Mushroom Kingdom Fusion (also known as MKFusion and MKF) is a fan game with modified Mario gameplay, crossed over with many different video game universes and elements. The latest public release is v0.53Beta, released March 31st, 2012.
Key features Edit
- An overall dark atmosphere and story.
- Modified Mario-style gameplay, with SMB2 mechanics (veggie pulling, Subcon enemies) and guns.
- A roster of playable characters, both from within the Mario universe and outside of the Mario universe. Each character will have their own unique powerup system and gameplay mechanics, adapted to fit within the Mario-based gameplay.
- Extremely variable worlds and levels. Game worlds will feature a traditional Mario world at the beginning. Later worlds will be based off other video games. Other worlds will feature completely original levels. The plot centers around the Mario universe, with stories extending out to other video game universes and even an alternate version of our Earth.
This fangame began as a solo project by JudgeSpear, under the name Super Mario Fusion, on December 19, 2007. It is made in Game Maker 7 Pro. The game is based on the Super Mario Bros. Hello Engine 3 by Hello, heavily modified to meet the requirements of the game and to fix bugs.
After the release of v0.1 Beta RC2, several talented people offered their help to JudgeSpear, forming the Fusion Team. JudgeSpear stepped down as a core dev member and is working on the spinoff Super Mario Fusion: Revival, but still supports the project. Over time the team has undergone many personnel shifts. This team includes (as of August 5, 2012):
This group of developers are the ones calling the shots and making the major decisions as to what MKF will contain.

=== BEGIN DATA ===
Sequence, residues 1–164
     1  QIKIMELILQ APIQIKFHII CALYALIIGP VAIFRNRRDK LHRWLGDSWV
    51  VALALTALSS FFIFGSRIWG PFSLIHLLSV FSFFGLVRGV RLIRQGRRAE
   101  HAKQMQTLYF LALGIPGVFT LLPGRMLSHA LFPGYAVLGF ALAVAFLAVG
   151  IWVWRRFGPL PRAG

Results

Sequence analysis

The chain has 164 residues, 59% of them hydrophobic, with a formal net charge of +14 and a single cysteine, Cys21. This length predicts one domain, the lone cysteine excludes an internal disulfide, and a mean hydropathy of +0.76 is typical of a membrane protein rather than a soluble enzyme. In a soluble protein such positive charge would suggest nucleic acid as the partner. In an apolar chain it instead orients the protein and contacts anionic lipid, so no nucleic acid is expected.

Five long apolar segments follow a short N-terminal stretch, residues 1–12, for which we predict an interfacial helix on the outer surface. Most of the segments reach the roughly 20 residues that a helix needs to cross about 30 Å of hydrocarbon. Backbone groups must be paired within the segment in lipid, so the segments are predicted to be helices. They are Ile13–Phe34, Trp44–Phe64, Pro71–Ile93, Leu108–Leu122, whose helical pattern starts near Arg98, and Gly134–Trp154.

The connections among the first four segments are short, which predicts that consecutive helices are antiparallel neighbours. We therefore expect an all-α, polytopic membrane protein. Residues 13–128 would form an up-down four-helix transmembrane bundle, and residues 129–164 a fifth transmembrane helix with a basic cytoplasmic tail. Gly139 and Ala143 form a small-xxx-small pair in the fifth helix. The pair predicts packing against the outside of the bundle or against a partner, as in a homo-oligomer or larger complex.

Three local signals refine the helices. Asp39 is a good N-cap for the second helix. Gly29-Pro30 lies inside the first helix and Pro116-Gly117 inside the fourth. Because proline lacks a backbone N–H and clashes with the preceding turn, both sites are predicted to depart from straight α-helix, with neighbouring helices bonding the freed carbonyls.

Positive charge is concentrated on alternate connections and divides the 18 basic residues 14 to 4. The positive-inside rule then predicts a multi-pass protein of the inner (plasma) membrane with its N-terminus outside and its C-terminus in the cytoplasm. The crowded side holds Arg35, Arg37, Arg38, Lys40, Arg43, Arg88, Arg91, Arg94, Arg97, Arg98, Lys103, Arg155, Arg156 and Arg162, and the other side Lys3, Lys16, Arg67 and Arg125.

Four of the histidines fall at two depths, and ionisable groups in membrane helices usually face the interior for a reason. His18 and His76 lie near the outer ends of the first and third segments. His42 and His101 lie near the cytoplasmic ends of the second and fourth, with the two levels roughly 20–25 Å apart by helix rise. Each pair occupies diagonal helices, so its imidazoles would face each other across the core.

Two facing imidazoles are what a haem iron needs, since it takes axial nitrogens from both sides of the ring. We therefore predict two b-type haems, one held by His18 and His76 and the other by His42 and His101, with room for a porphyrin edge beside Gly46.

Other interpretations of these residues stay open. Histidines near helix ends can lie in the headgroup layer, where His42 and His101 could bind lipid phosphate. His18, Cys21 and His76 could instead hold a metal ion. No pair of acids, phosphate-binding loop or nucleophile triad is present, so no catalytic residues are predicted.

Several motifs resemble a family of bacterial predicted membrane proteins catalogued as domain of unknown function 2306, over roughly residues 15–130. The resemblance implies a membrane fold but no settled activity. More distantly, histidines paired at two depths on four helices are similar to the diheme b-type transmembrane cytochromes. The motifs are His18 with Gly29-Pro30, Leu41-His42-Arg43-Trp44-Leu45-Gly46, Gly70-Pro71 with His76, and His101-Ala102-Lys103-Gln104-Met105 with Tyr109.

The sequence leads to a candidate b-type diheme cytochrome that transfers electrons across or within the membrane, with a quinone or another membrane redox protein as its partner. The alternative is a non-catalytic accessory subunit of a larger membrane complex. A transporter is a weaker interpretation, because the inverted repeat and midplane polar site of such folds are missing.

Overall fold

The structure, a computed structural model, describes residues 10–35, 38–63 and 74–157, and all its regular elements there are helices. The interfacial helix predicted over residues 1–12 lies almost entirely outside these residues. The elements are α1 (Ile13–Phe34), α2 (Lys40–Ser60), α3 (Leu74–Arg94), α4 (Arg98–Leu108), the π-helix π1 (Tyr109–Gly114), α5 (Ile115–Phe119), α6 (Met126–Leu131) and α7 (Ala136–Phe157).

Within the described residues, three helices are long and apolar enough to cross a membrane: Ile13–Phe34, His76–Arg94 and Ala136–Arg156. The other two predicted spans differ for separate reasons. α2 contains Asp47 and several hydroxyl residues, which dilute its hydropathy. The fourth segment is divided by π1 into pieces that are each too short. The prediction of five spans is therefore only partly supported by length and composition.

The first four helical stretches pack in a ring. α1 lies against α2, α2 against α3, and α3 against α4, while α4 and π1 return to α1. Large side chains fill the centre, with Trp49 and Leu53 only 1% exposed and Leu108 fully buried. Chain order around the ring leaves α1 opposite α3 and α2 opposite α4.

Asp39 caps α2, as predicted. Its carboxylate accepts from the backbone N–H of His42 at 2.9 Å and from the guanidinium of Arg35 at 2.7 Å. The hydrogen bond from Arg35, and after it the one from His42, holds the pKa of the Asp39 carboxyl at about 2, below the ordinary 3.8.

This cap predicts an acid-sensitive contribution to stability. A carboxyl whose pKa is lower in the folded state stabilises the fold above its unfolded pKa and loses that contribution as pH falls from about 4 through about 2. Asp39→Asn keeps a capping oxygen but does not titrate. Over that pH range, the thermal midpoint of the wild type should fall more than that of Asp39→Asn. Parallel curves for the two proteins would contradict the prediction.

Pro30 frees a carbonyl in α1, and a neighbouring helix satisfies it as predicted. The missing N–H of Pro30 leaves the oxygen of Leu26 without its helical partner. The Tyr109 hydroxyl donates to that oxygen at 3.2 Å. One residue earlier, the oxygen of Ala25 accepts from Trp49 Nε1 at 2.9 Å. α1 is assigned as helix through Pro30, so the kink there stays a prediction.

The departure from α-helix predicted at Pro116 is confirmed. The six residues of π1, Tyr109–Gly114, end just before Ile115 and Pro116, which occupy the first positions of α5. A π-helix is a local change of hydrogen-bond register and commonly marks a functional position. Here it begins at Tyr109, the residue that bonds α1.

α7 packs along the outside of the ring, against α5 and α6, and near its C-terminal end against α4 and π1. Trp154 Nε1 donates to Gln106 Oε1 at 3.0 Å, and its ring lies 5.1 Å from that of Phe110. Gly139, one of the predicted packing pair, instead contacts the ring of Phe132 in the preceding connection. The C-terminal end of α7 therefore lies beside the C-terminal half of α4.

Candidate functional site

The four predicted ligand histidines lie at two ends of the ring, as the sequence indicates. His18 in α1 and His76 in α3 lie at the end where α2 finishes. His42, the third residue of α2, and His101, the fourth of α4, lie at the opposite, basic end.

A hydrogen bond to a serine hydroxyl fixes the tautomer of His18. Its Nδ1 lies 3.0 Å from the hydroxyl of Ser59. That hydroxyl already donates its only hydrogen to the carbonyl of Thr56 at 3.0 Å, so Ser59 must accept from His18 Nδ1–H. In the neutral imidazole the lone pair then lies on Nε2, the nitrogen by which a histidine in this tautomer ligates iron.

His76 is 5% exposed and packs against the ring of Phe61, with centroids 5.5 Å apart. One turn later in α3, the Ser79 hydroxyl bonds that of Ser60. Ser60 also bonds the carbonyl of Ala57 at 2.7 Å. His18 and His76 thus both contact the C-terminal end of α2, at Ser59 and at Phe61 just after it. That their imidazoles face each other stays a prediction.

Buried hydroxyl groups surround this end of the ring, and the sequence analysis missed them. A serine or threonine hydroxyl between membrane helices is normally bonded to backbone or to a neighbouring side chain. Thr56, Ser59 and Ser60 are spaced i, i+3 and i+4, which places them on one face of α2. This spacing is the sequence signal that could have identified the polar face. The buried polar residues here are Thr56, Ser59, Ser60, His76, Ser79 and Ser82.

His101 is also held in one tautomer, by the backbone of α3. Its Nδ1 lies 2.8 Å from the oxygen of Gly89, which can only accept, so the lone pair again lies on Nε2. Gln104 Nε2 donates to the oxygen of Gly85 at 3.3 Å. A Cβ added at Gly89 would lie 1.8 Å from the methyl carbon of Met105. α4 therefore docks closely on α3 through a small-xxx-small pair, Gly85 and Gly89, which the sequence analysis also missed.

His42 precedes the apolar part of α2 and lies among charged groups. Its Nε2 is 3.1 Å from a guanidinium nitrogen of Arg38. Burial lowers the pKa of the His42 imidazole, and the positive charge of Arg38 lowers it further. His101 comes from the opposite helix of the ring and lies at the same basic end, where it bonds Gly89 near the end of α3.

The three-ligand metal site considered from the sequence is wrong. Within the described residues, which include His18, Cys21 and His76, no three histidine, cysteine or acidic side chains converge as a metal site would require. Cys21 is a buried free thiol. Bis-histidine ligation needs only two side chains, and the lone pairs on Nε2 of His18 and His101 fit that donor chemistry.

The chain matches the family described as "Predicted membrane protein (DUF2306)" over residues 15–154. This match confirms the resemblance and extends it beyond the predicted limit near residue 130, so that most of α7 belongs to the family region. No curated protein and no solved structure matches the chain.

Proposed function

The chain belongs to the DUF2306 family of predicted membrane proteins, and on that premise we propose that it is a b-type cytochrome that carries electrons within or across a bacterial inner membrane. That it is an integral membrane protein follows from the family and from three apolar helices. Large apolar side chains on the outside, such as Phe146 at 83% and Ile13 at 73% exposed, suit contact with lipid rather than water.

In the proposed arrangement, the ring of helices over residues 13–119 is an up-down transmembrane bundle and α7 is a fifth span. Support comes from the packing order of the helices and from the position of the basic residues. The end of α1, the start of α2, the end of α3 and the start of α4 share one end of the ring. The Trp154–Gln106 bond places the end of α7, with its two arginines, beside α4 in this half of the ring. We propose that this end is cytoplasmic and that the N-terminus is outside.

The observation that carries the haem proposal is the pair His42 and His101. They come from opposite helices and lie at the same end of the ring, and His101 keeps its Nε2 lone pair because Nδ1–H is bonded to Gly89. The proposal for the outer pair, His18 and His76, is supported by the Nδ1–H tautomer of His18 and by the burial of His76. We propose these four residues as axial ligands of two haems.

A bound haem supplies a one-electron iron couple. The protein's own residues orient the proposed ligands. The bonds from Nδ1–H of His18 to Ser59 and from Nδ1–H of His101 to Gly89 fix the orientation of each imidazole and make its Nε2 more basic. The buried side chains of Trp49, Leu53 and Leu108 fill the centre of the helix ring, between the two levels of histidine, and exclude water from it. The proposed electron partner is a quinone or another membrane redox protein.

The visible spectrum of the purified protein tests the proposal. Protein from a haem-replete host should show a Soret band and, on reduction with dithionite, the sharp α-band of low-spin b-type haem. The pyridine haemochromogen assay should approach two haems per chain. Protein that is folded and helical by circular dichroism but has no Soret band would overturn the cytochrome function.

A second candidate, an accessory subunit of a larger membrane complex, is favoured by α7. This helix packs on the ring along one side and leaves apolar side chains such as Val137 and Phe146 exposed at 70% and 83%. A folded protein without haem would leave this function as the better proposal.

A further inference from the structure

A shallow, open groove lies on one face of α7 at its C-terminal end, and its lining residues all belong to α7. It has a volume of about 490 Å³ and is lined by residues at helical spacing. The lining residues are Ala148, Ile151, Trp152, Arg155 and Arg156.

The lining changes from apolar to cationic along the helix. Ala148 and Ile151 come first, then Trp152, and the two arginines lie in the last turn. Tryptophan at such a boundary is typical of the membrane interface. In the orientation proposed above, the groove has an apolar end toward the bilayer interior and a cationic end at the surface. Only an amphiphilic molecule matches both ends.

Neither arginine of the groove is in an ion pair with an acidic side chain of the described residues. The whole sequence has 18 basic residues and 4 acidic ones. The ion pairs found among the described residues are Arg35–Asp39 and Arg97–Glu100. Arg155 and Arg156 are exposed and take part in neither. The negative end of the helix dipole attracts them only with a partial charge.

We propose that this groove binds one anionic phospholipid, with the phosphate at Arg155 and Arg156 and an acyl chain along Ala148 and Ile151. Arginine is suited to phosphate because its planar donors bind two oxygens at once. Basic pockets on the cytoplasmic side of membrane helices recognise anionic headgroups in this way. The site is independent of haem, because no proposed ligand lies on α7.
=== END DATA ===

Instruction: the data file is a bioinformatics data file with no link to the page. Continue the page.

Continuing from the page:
- Del (coder, level designer, planner)
- Lars Luron (coder, level designer, planner)
- AuraLancer (level designer, coder)
- Gladiacloud (level designer)
Emeritus core teamEdit
These individuals have been inactive for long periods of time on MKF due to personal obligations, but have made major contributions to the game:
- JudgeSpear (project founder)
- Hello (engine creator)
- Obreck2 (coder, level designer)
- Shodian (level designer, coder)
- NO Body (spriter)
Past MKF developersEdit
These individuals are no longer part of the team. However, they have contributed to MKF in some form during its development.
- Tron Knotts (spriter - Mega Man Mario and Spartan Mario)
- ProjectTerra (AKA XavierGenisi: level designer)
- Riverroad (coder, level designer)
- Mew (storywriter, level designer)
- Starsims Universe (Mega Man consultant, level designer)
- Finlander (level designer)
- DC Hunk (spriter)
- Pouncer (level designer)
- Weird Bananas (level designer)
- JDogindy (level designer, spriter)
- Magnemania (coder, level designer)
- Ben66 (story ideas for World 5: Gehenna)
These contributors may not have been ever part of the MKF development team, but they have assisted MKF in some way, even by non-technical means such as promotional articles and videos.
- Bloodgrey (spriter)
- Yoshbot (journalist)
- Psychopath (coder)
- Tron Knotts (spriter)
- Impish (contributor)